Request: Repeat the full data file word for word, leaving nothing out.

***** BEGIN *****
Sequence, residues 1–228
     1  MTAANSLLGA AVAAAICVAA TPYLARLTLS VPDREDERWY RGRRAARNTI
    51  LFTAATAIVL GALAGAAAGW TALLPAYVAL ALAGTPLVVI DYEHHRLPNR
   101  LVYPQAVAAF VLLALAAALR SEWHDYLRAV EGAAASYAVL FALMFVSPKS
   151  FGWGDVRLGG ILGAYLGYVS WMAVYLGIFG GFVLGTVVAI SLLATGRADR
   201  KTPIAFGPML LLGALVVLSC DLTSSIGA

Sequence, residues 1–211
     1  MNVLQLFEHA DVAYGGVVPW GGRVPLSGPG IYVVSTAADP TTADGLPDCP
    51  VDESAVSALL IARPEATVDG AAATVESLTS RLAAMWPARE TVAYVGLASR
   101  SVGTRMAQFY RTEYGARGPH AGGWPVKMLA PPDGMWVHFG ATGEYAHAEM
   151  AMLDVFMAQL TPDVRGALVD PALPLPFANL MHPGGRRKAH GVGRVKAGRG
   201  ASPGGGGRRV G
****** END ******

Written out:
Sequence, residues 1–228
     1  MTAANSLLGA AVAAAICVAA TPYLARLTLS VPDREDERWY RGRRAARNTI
    51  LFTAATAIVL GALAGAAAGW TALLPAYVAL ALAGTPLVVI DYEHHRLPNR
   101  LVYPQAVAAF VLLALAAALR SEWHDYLRAV EGAAASYAVL FALMFVSPKS
   151  FGWGDVRLGG ILGAYLGYVS WMAVYLGIFG GFVLGTVVAI SLLATGRADR
   201  KTPIAFGPML LLGALVVLSC DLTSSIGA

Sequence, residues 1–211
     1  MNVLQLFEHA DVAYGGVVPW GGRVPLSGPG IYVVSTAADP TTADGLPDCP
    51  VDESAVSALL IARPEATVDG AAATVESLTS RLAAMWPARE TVAYVGLASR
   101  SVGTRMAQFY RTEYGARGPH AGGWPVKMLA PPDGMWVHFG ATGEYAHAEM
   151  AMLDVFMAQL TPDVRGALVD PALPLPFANL MHPGGRRKAH GVGRVKAGRG
   201  ASPGGGGRRV G